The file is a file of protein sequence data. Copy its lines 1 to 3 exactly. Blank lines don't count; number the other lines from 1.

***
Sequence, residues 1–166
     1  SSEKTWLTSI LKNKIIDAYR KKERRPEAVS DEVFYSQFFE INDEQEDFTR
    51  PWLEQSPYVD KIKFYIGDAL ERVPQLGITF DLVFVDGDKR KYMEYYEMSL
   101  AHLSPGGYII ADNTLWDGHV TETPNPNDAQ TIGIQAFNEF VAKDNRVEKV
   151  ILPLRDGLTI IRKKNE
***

Sequence, residues 1–166
     1  SSEKTWLTSI LKNKIIDAYR KKERRPEAVS DEVFYSQFFE INDEQEDFTR
    51  PWLEQSPYVD KIKFYIGDAL ERVPQLGITF DLVFVDGDKR KYMEYYEMSL